This user persona fits the bill perfectly for a Byte user. This kind of a well though marketing will bring eyes on the product quickly and you can expect a higher sign-up rate.


When you are building a business or developing a product like a chat app, you expect to get some revenue from such an endeavor. Having a competitive price model is essential to put yourself in the limelight. A good amount of market research and comparative business models can help understand how you could price yourself better than your competitors.

For example, WhatsApp charges businesses per message, you could create a similar model for cheaper. Creating a competitive price point can help you stand out from the crowd.

Having talked about getting revenue from an application, the last thing you should be taking into consideration when building a chat app is the monetization strategy.

5. Monetization Strategies

After having put in so much energy and effort into a massive project, the completed product does seem rewarding, but turning it into a business is the entire award show. To create revenue out of an application is a great feeling and an extremely good indicator of having a good product. It also helps recover the cost went into development.

Monetization is the final element of developing a chat app. Monetizing can be done through various strategies. With CometChat, there 4 highly advisable strategies.

Business Accounts

If your app has many users of a community, you can approach businesses that would like to target those people. These businesses can hold a business account, much like WhatsApp, where businesses pay to be able to talk to customers, add automation in messaging, and run customer-care through the app.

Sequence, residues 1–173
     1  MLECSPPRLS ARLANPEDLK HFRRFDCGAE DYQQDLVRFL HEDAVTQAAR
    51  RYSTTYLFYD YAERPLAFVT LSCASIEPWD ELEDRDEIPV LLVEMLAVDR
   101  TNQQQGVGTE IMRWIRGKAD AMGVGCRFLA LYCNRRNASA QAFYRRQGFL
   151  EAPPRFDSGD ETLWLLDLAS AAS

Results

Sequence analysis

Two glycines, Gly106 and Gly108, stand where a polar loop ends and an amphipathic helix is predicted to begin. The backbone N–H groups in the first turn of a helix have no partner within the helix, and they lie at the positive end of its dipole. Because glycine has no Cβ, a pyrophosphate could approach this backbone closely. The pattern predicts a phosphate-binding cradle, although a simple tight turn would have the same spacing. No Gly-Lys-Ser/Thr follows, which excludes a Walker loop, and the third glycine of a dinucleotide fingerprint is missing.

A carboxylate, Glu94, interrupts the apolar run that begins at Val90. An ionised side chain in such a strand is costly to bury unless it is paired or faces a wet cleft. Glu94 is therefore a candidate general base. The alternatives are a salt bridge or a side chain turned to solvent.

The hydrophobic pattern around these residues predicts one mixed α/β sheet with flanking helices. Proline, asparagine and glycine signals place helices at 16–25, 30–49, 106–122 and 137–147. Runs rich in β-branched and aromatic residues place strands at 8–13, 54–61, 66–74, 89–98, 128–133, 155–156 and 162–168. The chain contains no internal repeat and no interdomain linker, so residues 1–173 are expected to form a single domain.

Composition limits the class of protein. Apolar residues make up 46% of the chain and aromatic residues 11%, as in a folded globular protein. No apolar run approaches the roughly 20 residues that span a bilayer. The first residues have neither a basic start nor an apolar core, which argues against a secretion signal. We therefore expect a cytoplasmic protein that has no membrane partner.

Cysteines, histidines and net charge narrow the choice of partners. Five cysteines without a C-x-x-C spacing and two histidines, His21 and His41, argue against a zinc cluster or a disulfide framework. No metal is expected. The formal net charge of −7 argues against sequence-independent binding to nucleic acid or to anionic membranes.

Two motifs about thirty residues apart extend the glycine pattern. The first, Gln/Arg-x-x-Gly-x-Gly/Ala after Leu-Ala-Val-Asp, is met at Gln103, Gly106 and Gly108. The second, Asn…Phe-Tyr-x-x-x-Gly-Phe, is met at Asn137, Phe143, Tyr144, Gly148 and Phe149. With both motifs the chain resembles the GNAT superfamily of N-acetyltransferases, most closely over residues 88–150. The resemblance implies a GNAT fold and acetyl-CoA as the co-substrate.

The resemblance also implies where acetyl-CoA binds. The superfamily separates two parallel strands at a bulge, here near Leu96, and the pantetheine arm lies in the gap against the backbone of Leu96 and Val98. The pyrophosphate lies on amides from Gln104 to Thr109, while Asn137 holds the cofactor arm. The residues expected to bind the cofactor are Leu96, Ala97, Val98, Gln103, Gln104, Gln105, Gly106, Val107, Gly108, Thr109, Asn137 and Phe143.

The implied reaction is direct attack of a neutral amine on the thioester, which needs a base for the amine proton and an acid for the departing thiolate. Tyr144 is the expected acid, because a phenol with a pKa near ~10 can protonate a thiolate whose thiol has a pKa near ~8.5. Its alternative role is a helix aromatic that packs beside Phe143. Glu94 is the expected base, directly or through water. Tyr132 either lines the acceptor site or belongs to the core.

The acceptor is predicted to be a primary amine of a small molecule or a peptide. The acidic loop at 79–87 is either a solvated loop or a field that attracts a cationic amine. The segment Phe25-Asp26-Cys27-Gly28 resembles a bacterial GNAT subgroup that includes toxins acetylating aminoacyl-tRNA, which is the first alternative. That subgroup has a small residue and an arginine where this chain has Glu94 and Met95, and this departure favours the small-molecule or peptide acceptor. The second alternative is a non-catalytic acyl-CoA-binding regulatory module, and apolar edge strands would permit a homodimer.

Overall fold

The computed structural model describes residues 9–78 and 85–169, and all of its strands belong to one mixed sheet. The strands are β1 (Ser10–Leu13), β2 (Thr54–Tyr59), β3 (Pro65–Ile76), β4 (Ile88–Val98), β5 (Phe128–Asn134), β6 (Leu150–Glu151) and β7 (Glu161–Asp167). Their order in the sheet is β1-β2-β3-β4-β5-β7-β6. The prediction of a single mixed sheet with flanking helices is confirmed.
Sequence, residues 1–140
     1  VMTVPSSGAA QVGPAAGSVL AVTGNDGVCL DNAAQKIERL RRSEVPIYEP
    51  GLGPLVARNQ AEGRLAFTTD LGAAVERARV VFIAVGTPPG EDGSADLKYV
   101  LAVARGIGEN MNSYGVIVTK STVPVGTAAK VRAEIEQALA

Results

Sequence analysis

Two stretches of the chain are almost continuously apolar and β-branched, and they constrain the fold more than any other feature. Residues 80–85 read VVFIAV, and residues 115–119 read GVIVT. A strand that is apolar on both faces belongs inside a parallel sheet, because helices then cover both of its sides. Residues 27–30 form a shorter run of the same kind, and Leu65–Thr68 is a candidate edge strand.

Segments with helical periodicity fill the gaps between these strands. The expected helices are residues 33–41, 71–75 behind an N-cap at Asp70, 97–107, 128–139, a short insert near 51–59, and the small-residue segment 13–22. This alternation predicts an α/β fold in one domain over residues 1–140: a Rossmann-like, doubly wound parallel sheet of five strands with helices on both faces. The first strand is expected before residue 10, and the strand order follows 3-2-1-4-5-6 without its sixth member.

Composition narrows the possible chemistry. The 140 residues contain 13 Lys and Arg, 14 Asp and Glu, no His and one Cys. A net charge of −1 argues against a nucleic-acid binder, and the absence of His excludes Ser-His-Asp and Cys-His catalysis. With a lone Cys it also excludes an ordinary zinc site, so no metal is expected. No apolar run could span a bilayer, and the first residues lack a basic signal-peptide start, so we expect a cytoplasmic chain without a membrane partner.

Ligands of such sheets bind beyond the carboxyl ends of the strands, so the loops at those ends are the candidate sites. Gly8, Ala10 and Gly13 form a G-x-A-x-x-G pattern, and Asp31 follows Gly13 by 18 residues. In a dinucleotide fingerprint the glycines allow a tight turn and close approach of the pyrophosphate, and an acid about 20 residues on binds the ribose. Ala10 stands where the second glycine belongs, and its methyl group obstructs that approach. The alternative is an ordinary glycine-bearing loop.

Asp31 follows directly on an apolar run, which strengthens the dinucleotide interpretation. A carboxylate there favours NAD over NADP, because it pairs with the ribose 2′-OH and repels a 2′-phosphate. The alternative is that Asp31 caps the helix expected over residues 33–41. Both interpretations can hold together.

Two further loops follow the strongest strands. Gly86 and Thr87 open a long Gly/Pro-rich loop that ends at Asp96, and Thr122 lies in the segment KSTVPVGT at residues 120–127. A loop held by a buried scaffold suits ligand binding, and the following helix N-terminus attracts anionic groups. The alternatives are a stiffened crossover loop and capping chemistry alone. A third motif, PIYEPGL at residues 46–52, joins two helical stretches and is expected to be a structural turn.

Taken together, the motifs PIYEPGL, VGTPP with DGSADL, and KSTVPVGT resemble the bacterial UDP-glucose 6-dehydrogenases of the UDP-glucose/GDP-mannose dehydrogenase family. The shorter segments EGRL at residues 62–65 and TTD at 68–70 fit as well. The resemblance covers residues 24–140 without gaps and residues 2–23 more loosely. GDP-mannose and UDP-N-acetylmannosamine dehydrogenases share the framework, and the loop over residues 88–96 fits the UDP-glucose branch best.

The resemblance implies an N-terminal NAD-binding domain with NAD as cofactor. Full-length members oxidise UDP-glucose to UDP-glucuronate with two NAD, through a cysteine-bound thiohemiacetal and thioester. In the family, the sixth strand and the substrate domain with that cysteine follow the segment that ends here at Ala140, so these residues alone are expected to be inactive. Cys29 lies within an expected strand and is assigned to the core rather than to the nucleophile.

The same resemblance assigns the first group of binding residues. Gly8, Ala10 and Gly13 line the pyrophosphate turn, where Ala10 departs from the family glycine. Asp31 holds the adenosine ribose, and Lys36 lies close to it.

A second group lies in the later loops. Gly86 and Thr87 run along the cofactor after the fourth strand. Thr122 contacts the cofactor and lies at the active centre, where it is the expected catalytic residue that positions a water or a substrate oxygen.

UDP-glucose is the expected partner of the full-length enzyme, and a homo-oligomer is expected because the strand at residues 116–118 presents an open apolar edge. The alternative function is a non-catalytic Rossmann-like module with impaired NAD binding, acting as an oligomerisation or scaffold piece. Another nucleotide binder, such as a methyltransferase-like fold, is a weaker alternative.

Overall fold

Individual Accounts

This method is a ‘pay-to-message’ system. You can charge folks according to their monthly messaging volume, or the amount of data transferred over the app. This method may not work very well because alternatives offer this for free, but this is a fairly aggressive monetization strategy.


This is the most commonly used form of monetization amongst chat apps. Users get to watch non-intrusive advertising while using your services and you can get paid per view. You could unlock features by watching ads and amazing points. This form of gamification can also keep a user engaged.


The last monetization strategy I want to touch upon is a features store. Steam currently gives points to its users who have spent a certain amount of money. Then the users can use their points to buy emojis, profile avatars, and backgrounds. One could repurpose a similar system where users get to buy points if they would like to access certain features.

These are some monetization strategies currently seen in the market and how you could use them.


In this piece, we have looked at 5 things you need to consider when building a chat app. The first one focuses on becoming a user-centric application. The more it caters to your users, the more it becomes beneficial to them. Then there were the chat app essentials and what are the must-haves in a chat app. The top 3 concerns that one must have while developing a chat explained the kind of ground that needs to be established before one can shape the chat app. The must-have features of the app bring it to commonly seen industry standards. That said, just meeting industry standards is not enough. The methods to stand out from the crowd were discussed were design, marketing, and price-points act as pillars to help the app succeed. And finally, the monetization strategy comes into play that helps the app reach fruition and establish a revenue model.

If you follow these 5 things and make user-centric choices, your app is very likely to succeed. If you liked this blog, stay tuned for more such blogs on CometChat.

Pronoy Roy


Pronoy Roy is a technology enthusiast and especially passionate about the future of technology. He enjoys writing about modern technical applications that help solve real-world problems.